by Robert Scheer
With God on His Side ...
By invoking a higher power, Bush sidesteps pesky constitutional issues.
So, it was a holy war, a new crusade. No wonder George W. Bush could lie to Congress and the American public with such impunity while keeping the key members of his Cabinet in the dark. He was serving a higher power, according to Bob Woodward, who interviewed the president for a new book on the months leading up to the Iraq invasion.
Of course, as a self-described "messenger" of God who was "praying for strength to do the Lord's will," Bush was not troubled about shredding a little secular document called the U.S. Constitution.
The Constitution reserves to Congress the authority to allocate funds and to declare war. Thus it would seem to be an impeachable offense to misappropriate $700 million that had been earmarked to restore order to Afghanistan and put it toward planning an invasion of Iraq -- in a secret scheme hatched, according to Woodward, only 72 days after 9/11.
But not only has the president rejected the checks and balances installed by the nation's founders to avoid the "foreign entanglements" George Washington warned us about, he again is shown to have pursued a foreign policy that stands as a sharp rebuke to his more worldly and cautious father. During the first Gulf War, George H.W. Bush wisely heeded the concerns of Congress, as well as a broad coalition of regional and international allies, and kept to clear, limited and sound goals.
In contrast, the younger Bush vocally disdains world opinion and international bodies like the United Nations, seeming instead to relish his role as an avenging Christian crusader who seeks -- under the guiding hand of the Almighty -- to cleanse the Arab world of "evildoers."
Asked by Woodward, an assistant managing editor at the Washington Post, if he had ever consulted the former president before ordering the invasion of Iraq, Bush replied that "he is the wrong father to appeal to in terms of strength; there is a higher father that I appeal to."
Reading the elder Bush's books and even his speeches before the latest Iraq war, one finds that the former president at least seems to understand that diplomacy, international cooperation and patience are not just the tools of naive do-gooders but in fact are far more effective at advancing global stability and American aims than reckless adventures like the current quagmire in Mesopotamia. Religious crusades are often counterproductive; they tend to end up in unsustainable occupations of people who -- surprise! -- believe they have their own pipeline to the Almighty.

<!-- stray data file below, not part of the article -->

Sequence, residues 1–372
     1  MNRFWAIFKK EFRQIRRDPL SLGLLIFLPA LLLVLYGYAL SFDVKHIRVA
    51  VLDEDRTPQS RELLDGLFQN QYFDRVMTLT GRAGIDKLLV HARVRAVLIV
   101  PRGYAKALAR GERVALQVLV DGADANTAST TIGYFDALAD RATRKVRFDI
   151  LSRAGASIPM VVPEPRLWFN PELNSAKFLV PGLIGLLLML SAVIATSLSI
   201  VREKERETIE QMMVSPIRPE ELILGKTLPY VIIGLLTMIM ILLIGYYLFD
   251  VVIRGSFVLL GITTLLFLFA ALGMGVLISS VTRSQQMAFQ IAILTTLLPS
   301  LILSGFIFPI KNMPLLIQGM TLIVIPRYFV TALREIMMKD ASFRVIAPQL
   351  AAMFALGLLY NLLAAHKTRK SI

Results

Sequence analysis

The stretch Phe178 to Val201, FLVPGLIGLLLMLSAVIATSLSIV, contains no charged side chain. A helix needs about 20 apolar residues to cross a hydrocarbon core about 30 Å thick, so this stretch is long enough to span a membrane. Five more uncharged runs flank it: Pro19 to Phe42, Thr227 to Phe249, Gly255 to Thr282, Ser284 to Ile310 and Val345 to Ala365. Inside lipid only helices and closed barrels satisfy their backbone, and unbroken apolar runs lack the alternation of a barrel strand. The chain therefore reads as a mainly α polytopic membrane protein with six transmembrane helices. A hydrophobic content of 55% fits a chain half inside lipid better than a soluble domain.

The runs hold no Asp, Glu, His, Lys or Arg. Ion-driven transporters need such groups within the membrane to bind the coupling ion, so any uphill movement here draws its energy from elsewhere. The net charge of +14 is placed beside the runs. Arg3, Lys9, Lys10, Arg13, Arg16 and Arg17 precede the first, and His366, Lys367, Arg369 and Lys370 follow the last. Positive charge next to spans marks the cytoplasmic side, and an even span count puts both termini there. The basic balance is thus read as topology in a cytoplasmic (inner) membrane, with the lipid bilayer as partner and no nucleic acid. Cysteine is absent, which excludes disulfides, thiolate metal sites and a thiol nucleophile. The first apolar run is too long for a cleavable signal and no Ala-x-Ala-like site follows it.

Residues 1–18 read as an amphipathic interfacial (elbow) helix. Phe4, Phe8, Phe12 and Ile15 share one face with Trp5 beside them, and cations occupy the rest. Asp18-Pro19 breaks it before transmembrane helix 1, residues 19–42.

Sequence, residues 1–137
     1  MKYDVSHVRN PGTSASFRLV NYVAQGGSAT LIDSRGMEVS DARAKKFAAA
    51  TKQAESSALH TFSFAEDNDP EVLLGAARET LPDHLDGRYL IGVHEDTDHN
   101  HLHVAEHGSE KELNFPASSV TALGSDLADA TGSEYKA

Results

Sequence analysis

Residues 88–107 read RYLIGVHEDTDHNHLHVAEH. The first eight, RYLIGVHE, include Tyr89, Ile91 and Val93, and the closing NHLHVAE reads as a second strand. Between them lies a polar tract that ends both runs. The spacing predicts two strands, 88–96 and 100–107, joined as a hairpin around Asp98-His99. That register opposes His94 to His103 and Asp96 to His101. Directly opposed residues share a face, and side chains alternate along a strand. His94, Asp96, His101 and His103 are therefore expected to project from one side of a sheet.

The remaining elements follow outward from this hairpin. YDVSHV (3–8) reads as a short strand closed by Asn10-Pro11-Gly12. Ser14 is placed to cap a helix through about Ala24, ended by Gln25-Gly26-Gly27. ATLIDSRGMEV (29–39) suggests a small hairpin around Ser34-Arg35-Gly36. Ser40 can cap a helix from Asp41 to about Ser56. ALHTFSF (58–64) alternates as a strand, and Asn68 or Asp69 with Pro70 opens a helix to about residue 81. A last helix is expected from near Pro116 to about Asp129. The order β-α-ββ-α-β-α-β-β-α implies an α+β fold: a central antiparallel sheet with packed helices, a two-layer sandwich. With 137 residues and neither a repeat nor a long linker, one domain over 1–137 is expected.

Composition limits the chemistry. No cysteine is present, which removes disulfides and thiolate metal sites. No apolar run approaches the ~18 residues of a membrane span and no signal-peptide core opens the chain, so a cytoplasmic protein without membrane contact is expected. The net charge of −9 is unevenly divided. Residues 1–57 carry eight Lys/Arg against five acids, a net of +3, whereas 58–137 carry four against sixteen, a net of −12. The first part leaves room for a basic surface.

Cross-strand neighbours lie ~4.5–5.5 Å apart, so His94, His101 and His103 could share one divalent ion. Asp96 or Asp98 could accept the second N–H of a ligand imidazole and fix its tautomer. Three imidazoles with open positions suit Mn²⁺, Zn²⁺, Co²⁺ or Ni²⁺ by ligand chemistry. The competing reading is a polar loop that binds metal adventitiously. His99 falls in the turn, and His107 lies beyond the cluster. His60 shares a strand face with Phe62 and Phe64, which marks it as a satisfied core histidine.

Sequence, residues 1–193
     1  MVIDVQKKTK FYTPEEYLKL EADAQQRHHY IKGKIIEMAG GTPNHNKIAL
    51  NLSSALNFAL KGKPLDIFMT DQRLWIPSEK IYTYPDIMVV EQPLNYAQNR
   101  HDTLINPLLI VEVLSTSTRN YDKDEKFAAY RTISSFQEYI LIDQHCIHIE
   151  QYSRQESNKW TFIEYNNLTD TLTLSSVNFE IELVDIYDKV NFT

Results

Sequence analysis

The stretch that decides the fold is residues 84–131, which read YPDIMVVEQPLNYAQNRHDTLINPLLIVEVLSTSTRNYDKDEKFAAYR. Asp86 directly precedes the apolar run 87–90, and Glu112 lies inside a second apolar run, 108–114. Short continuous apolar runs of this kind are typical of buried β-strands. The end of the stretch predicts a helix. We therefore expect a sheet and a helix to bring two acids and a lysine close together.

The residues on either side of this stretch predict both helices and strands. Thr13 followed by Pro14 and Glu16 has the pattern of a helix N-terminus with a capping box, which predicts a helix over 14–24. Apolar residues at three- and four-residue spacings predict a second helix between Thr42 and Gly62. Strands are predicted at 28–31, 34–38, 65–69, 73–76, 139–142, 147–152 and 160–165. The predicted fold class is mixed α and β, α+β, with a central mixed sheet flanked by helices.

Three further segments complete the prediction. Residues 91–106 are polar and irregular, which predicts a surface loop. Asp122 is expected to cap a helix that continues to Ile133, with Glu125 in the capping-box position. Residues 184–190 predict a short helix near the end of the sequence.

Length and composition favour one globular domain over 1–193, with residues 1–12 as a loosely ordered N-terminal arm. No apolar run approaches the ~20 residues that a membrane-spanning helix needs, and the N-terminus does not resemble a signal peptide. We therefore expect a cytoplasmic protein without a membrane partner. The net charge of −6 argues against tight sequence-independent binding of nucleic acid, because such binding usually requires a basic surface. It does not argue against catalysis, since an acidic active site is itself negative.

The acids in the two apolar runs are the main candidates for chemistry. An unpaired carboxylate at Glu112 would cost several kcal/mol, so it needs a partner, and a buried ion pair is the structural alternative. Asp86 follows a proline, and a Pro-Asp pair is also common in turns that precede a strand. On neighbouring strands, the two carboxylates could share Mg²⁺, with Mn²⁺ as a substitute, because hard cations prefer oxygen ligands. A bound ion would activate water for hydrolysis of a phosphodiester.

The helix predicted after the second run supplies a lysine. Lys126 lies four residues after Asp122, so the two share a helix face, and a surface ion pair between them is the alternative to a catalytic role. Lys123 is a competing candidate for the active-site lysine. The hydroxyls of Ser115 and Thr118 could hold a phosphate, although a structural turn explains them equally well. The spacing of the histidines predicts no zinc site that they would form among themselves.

Thus, if George W. had consulted his father, he probably would have heard the message that he didn't want to hear from Secretary of State Colin Powell about the "Pottery Barn rule" -- the idea that you own what you break. What Powell meant is not that you own Iraq's oil and the lucrative contracts that you parcel out to your friends at Halliburton and Bechtel. Rather, it is that if you occupy a failed state, you are stuck with the difficult, costly and lengthy task of nation-building.
That Powell and the first President Bush did not break more forcefully with the current president over their apparent differences on Iraq is not excusable, despite their party and familial ties. As both men seem to have expected, what we have now is a deadly mess that has weakened us in the war on terror, both as a distraction and by inflaming the Muslim world's latent mistrust of the West.
After the bloodiest month of the entire war and occupation, we are told by the nation's media and political elites that we must "stay the course," "get it right" and, in the words of the president himself, "honor the fallen." How do we honor the fallen by sending more soldiers to die in a war based on lies now amply documented by insiders?
Surely the best way to honor them is to right our course and turn to the United Nations, not as a fig leaf to conceal an ongoing disaster but to admit that it was wrong to undermine the best mechanism we have for international cooperation. An honorable retreat from this calamity requires U.N. supervision of an orderly withdrawal.
The president conceded to Woodward that he had the good sense not to "justify war based upon God" but would ask for forgiveness if he took the wrong path. It is time he found God's grace in the exercise of humility rather than plunging deeper into this madness.
Copyright 2004 Los Angeles Times